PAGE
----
Car Mechanics (UK)
DIESEL PARTICULATE FILTERS (DPFS)
The function of the DPF is to trap soot particles emitted by the engine and stop them from being expelled into the atmosphere, because they are carcinogenic. We provided a comprehensive overview of how they work in the February 2018 issue of CM.
The DPF empties itself by super-heating the soot, causing it to vaporise, leaving a trace of ash behind. This process is called regeneration and it occurs naturally with high exhaust temperatures, such as those resulting from a high-speed run, or by the engine’s fuel injectors initiating a post-injection on the exhaust stroke, which causes diesel fuel to enter the exhaust system, where it combusts, raising the exhaust temperature within the DPF and burning the soot. This process is initiated automatically by the vehicle’s ECU, where a number or parameters must be met, including the vehicle being driven at constant speed/load conditions.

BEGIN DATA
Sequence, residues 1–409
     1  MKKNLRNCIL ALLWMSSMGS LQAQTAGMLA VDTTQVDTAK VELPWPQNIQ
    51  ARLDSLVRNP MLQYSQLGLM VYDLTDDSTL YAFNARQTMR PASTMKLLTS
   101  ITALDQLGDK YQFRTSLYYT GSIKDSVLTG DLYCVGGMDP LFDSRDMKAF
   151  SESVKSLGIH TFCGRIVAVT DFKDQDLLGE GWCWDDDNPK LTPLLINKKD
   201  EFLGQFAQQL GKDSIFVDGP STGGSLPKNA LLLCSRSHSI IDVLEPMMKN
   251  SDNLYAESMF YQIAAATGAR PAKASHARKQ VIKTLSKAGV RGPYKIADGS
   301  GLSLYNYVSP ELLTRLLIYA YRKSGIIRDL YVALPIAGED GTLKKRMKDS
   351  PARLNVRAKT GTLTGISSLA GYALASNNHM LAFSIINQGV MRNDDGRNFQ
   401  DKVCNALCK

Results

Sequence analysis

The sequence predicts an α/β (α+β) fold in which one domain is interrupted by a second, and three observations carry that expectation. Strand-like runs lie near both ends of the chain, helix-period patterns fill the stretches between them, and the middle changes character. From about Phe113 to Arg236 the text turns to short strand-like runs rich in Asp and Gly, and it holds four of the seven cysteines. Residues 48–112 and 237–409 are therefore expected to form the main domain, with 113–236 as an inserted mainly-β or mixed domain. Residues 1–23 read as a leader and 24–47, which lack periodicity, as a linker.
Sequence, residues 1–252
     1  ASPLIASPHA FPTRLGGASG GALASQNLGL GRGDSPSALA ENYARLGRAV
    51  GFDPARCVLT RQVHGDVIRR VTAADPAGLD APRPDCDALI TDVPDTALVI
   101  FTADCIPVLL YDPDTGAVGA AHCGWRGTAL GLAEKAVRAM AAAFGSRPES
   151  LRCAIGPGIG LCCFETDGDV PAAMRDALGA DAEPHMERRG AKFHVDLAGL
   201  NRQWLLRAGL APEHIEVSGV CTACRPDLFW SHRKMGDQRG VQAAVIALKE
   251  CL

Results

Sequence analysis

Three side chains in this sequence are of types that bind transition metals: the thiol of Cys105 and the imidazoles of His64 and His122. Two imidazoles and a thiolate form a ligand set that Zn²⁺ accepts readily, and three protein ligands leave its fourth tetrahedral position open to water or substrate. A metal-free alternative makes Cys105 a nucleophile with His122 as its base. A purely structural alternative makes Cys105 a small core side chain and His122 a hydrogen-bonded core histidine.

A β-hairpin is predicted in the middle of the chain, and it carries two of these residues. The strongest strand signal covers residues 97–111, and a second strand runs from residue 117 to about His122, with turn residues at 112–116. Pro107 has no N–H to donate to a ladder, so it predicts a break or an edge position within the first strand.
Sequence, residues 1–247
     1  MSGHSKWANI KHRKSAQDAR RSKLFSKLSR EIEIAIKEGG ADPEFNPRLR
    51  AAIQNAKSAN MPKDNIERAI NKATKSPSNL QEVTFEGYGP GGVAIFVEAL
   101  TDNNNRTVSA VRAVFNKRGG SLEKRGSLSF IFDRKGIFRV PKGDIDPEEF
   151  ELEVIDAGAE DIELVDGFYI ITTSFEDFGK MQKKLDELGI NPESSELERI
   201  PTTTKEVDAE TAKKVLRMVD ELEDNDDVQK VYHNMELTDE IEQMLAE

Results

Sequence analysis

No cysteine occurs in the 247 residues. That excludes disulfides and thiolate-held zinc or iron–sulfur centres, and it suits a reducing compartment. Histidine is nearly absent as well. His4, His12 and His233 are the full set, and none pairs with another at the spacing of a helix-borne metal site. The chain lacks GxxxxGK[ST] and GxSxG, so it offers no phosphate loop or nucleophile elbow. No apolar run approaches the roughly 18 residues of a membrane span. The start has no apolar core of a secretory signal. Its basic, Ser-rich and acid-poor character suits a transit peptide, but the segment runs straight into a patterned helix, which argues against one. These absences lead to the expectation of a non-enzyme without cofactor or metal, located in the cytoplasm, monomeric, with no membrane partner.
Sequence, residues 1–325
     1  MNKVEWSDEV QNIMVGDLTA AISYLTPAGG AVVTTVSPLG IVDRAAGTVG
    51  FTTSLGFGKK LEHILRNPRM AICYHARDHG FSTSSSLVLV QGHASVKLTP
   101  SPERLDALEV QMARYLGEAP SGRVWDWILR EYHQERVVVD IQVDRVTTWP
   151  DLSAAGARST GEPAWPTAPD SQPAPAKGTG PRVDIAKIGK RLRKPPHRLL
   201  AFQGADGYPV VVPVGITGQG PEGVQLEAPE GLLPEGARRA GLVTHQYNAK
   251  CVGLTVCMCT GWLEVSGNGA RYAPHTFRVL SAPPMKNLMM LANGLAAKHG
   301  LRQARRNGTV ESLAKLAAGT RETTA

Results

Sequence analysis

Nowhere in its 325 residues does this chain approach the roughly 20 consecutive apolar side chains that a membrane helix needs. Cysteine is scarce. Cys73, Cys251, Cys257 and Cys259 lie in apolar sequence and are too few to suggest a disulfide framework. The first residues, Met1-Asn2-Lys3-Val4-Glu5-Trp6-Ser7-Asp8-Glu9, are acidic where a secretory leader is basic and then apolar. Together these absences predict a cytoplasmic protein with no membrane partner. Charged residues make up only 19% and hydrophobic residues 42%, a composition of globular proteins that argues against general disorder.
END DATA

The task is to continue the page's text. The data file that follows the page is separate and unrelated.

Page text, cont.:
DPF blockage, however, tends to be symptomatic of other issues. Additionally, the ash, which builds up over time within the DPF, cannot be removed, unless the DPF is taken off the car and cleaned by a specialist. Various companies offer this service by post, or through major motor factors.